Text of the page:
GEORGIA voters headed to the polls yesterday in crucial run-off elections that could hand full control of the US Congress to Joe Biden’s Democrats.
The president-elect’s party, which already has a majority in the House of Representatives, needed to win both seats up for grabs in the state to take charge of the Senate.
That would clear the way for Mr Biden (pictured below) to pass laws on the pandemic, healthcare, taxation, energy and the environment. But outgoing president Donald Trump’s Republicans needed to win only one seat to keep the Senate under their control.
Both men headed to Georgia to drum up support for their parties’ candidates at last-minute rallies. But Mr Trump used much of his speech to bemoan his defeat in the presidental election, which he insists he ‘won by a lot’.
Declaring he would ‘fight like hell’ to hold on to the top job, he appealed to Republican lawmakers to reverse his election loss when they meet today to confirm the Electoral College vote.
Mr Biden, speaking at a drive-in rally in Atlanta, said Mr Trump ‘spends more time whining and complaining’ than he does working on solving the coronavirus crisis.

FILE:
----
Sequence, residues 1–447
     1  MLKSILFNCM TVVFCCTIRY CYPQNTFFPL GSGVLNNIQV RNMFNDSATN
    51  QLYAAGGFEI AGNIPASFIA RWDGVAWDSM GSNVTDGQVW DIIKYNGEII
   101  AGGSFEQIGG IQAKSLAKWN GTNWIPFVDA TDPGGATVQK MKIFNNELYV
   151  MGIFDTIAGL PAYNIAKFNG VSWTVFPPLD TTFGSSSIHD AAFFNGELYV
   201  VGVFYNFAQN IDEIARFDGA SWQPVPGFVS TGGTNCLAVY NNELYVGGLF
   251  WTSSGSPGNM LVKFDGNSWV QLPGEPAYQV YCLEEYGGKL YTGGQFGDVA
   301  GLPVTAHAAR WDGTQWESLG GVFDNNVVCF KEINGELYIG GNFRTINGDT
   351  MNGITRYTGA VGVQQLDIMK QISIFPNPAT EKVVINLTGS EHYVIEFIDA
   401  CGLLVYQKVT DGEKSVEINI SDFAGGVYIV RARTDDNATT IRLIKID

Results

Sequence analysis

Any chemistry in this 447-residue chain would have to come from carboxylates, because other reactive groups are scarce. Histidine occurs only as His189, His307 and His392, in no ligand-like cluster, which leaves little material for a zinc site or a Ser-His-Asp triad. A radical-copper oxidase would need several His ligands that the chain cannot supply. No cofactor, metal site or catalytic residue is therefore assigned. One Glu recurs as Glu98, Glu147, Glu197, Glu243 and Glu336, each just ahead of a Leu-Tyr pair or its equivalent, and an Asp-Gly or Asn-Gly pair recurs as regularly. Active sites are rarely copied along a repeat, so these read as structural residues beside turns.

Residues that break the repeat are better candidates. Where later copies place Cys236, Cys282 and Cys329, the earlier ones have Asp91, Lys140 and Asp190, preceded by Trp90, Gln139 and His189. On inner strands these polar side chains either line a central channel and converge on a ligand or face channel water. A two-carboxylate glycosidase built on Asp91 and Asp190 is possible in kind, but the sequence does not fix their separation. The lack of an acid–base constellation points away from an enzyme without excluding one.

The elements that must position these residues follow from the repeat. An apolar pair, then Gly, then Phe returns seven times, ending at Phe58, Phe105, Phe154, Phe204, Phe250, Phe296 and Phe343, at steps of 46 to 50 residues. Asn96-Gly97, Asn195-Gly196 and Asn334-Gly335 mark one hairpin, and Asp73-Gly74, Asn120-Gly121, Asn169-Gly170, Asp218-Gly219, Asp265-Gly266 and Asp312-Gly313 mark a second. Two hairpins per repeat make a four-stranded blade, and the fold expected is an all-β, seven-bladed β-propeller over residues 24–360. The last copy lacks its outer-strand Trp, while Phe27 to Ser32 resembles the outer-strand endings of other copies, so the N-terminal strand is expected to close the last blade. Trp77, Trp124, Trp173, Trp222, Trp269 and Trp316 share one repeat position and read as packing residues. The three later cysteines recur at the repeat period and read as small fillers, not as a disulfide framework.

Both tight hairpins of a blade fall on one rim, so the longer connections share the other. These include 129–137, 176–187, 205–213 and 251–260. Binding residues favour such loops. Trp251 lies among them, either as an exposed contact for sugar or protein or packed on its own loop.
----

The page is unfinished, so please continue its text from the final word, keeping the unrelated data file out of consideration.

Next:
The 78-year-old, due to be inaugurated on January 20, added: ‘I don’t know why he still wants the job — he doesn’t want to do the work.’ The two Senate seats had been held by Republicans Kelly Loeffler and David Perdue.
But no candidate was able to secure the 50 per cent of votes needed for an outright win in November, leading to the run-off.
Ms Loeffler was pitted against the Rev Raphael Warnock and Mr Perdue against investigative journalist Jon Ossoff.
About 3million votes — out of an expected 5million — had been cast in advance amid the pandemic.
But a wait of several days for the result was thought likely, with no counting taking place until after the polls closed.
Meanwhile, Mr Trump’s last push to overturn the presidential election is splitting the Republicans. Some still back him but all ten living former defence secretaries — including Dick Cheney and Donald Rumsfeld — have signed an open letter saying ‘the time for questioning the results has passed’.
The vice-president Mike Pence presides over today’s Congress session and is under pressure from Mr Trump to stop the college vote being confirmed.